“This has nothing to do with the economic circumstances of our business,” he added. “We’re fully reserved. Ultimately, I think the partners understood … and recognize it’s a smart way to run a business.”
Rosen said Becker & Poliakoff does not use its line of credit to fund operational expenses.
Other legal industry experts say holdbacks for equity partners are standard practice. Some firms have far higher holdbacks, from 30 percent to 40 percent, experts say. Other firms refer to distributions or bonuses rather than holdbacks.
“I think it’s more standard than not,” said Abbe Bunt, a legal recruiter with Bunt Legal Search of Hollywood. “Twenty percent is reasonable. Most big firms do have a holdback of a much higher percentage.”
Noted Ivan Reich, a former Becker partner now at GrayRobinson: “I don’t think it’s an act of desperation. Most firms do some form of that. I don’t think any lawyer likes it, but it’s not an uncommon management practice.”
Some have been critical of Rosen’s other moves, such as the Fort Lauderdale and Orlando office moves. The firm’s bread and butter has been work for condominium associations, and some question whether those clients — often seniors — will appreciate parking in downtown Fort Lauderdale and navigating a high-rise building.
“I think it’s a bad decision,” said Penny Barnard, a former 30-year litigation secretary who retired in 2011. “The parking situation is bad for customers and employees. It just doesn’t make sense.”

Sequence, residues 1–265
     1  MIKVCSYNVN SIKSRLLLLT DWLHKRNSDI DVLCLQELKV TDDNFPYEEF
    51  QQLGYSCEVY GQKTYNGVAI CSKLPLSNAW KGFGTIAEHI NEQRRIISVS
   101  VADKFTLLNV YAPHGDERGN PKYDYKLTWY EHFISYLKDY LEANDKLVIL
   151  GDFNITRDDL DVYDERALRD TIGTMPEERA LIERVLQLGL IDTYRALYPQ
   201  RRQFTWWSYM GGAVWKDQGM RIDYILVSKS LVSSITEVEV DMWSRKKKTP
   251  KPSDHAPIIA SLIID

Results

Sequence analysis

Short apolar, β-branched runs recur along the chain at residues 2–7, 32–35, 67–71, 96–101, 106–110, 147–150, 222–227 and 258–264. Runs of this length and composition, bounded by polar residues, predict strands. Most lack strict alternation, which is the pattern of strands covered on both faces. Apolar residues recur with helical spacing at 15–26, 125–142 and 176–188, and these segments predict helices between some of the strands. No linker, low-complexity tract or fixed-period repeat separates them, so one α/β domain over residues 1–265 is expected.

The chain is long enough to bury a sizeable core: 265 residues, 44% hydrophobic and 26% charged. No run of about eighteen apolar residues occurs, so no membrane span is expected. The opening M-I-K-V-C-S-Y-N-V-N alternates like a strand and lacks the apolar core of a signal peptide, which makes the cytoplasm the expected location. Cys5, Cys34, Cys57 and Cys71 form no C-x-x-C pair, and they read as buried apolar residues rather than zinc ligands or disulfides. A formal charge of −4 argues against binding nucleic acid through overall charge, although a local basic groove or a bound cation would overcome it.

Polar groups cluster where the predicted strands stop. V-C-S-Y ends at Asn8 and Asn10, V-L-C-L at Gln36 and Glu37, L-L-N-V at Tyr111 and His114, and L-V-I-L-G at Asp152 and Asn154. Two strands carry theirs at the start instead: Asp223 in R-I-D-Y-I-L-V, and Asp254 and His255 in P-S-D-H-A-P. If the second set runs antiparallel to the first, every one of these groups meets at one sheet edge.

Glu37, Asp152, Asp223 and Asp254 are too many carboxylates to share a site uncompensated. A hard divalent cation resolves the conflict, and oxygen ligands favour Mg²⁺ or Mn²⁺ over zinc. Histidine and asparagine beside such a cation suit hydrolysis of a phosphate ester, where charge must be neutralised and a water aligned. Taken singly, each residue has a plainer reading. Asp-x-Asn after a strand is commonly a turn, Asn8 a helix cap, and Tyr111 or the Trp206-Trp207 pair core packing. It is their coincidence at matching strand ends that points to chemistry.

Alan Becker, Rosen’s predecessor as managing partner, defended the moves as part of Rosen’s plan to move the firm’s image away from condo work to be seen more as a corporate law firm.
“They wanted a fresh look,” Becker said. “We’ve always had a good commercial practice, but we’ve not been known for it. He’s trying to position the firm so our reputation catches up to our work.”
Additionally, Rosen said he was able to capitalize on an “unheard of” commercial real estate market and get outstanding leases in both markets. He did not disclose the terms of the deals.
Becker gives good marks to his hand-picked successor’s performance thus far.
“He’s made some bold moves,” Becker said. “I am thrilled with the job Gary is doing. I had planned for him to be my successor in managing the firm, and it’s working out exactly as I hoped. He’s grown beautifully into the job. He’s making very strategic moves.”
Becker noted Rosen voted against his own self-interests with the Fort Lauderdale move since Rosen, Becker, former managing partner Gary Poliakoff and Broward Circuit Judge Jeffrey Streitfeld, among other former and current partners, own the building they are leaving. It’s up for sale for $10 million.
“He’s been trying to put his own imprint on the firm,” Bunt said. “It’s clear that there’s a new person driving the boat. What that means is the firm is changing course slightly, but it’s not charting new waters.”
Several have chosen not to stick around to see where the new helmsman is headed.
Poliakoff’s son, Keith Poliakoff, shook up the Broward legal community last month when he left the firm for Arnstein & Lehr, taking two lawyers with him. Poliakoff was one of a string of government affairs lawyers to leave the firm.
Rosen is the first to acknowledge his leadership may have created some harsh critics.
When asked whether the firm might add his name, he joked, “I have enough of a target on my back as it is.”